Any good real estate agent knows the importance of writing not only correct, but compelling listings. Written errors do not only cause confusion between agents and potential buyers, they give a bad impression overall. While browsing listings, homebuyers expect to be able to get all the information they need at just a glance and will soon skip over any that are difficult to decipher. Furthermore, grammatical errors and dubious word choices give buyers the message that you as an agent either do not know how, or do not care enough, to write correctly.
Top professionals in real estate (and certainly all industries) care enough to hire editors to proofread and perfect their writing before displaying it for potential customers to see. The most compelling reason to do so? Their bottom line. According to a Wall Street Journal article, real estate listings written in full, error-free sentences result in faster sales as well as higher-than-average selling prices. That’s something every real estate agent can appreciate.
Typos Can Be Costly Mistakes
We all make typos from time to time, but failing to notice and correct them before publishing a listing (such as posting to social media or sending correspondence) is careless and also costly. The silliest typos might add a nonexistent extra bedroom to a home or a couple of hefty zeroes to an asking price. These errors are an instant deal killer. Rather than call to double-check such mistakes in major details, most buyers will simply move on to the next listing. You might think blooper-style typos, such as writing “poo in the backyard” instead of “pool” or “large panty” instead of “pantry,” give readers a harmless chuckle, but that’s not a good thing. You want house hunters to be smiling with excitement over the potential of your listing, not laughing at your errors.
Readability Is Very Important
Abbreviations are common and accepted in real estate listings. They make skimming lots of listings quicker and easier for browsing homebuyers, and they save real estate agents money on pricey advertising space. Go too far with the convention, though, and you risk giving readers a headache as they try to decipher lines of all-caps code. Do not make the mistake of cutting every vowel from every word (“bdrm” is fine, “grt nghbrhd” is just annoying) or making up your own acronyms (no one knows that SSA stands for “stainless steel appliances”). An editor or another set of eyes can help you find the fine line between writing that’s summarized for the benefit of the reader and writing that’s crammed with so many abbreviations it becomes unintelligible.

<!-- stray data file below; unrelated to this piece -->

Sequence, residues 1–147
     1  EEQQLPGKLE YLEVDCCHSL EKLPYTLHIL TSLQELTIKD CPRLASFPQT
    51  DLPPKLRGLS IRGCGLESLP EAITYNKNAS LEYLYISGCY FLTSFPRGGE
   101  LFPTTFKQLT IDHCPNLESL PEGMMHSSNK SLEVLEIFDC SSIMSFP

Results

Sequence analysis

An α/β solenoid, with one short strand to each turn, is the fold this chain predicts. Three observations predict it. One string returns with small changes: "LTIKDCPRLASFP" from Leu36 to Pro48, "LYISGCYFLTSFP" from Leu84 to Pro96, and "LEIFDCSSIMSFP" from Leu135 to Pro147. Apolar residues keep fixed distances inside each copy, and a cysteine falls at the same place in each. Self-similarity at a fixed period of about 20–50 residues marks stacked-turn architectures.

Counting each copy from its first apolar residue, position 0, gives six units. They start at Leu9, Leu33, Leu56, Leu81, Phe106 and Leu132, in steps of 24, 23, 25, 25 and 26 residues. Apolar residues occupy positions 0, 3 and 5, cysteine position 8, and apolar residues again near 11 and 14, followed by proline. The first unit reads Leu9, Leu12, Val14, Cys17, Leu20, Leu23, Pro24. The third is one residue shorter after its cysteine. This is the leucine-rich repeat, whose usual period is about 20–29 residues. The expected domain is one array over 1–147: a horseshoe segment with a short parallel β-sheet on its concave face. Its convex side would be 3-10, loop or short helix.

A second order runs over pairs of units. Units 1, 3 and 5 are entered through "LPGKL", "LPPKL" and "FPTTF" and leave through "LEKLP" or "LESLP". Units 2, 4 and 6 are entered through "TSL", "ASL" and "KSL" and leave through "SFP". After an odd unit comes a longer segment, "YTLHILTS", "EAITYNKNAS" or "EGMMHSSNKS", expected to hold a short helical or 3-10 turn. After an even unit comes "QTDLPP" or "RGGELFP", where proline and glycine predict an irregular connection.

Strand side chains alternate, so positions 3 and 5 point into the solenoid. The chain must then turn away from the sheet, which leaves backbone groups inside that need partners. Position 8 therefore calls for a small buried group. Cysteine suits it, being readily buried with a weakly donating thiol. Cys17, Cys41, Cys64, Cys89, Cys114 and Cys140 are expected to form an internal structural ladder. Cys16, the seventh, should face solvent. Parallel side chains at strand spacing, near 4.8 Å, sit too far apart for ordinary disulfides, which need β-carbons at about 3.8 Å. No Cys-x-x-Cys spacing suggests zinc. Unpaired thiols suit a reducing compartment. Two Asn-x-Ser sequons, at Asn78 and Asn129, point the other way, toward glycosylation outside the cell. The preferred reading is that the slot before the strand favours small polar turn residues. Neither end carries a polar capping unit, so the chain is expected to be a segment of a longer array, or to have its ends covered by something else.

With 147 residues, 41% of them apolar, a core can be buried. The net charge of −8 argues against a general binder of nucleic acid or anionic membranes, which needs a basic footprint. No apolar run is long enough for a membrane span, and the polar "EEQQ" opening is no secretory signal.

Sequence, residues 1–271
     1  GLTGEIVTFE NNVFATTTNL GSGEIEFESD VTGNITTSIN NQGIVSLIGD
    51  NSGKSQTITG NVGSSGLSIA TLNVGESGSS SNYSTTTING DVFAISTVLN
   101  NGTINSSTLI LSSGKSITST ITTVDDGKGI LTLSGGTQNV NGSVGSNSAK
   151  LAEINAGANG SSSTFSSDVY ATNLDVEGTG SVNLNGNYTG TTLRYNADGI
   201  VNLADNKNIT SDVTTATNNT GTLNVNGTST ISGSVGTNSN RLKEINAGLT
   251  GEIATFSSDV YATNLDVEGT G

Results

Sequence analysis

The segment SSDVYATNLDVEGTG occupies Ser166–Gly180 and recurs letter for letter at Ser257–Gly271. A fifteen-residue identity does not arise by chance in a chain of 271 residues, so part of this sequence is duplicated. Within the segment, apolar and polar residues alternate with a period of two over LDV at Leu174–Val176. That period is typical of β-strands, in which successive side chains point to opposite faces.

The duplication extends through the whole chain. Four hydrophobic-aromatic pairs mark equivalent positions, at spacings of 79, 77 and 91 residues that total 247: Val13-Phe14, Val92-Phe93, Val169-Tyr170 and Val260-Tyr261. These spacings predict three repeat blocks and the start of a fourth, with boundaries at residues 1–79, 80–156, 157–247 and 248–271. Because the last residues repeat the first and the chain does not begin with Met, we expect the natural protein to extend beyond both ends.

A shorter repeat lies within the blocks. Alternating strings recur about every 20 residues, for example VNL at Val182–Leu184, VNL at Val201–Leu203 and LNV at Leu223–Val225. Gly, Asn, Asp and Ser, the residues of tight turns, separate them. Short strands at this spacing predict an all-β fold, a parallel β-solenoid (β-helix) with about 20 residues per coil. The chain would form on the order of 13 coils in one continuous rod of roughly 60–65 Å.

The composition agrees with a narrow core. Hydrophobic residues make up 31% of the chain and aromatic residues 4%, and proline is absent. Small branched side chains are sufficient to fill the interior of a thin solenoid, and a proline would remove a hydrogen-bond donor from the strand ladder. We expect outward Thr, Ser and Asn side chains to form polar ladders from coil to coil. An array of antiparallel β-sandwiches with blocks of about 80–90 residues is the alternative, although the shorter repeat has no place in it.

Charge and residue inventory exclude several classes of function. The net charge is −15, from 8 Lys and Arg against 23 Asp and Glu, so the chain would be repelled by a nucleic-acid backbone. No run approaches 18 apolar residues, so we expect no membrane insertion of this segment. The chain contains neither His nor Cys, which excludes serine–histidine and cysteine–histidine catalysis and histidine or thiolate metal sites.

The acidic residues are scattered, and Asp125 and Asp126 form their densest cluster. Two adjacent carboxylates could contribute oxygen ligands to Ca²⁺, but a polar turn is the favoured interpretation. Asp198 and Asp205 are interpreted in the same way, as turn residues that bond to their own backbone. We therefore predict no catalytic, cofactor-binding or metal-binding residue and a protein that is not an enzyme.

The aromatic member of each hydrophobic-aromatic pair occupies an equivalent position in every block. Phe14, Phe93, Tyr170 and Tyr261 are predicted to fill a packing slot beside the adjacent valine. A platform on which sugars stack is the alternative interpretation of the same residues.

Errors Undermine Your Professionalism
Most homebuyers who are reading listings can forgive minor typos and grammatical errors as long as they can understand the key points. They know that real estate is your expertise, not writing perfect prose. However, mistakes from the subtle to the glaring all undermine your professional appearance and cost you money in ways you can’t easily measure. If you are publishing listings or other materials with errors, is it because you are uneducated? Perhaps your agency cannot afford to pay someone to proofread. Or maybe you just don’t care. All of these possibilities mean buyers are doubting your professionalism, and such doubts inevitably have a negative effect on your profits. Smart, savvy real estate agents know that utilizing the services of an editor can undeniably boost your bottom line.
By: Heather R., Editor for editorr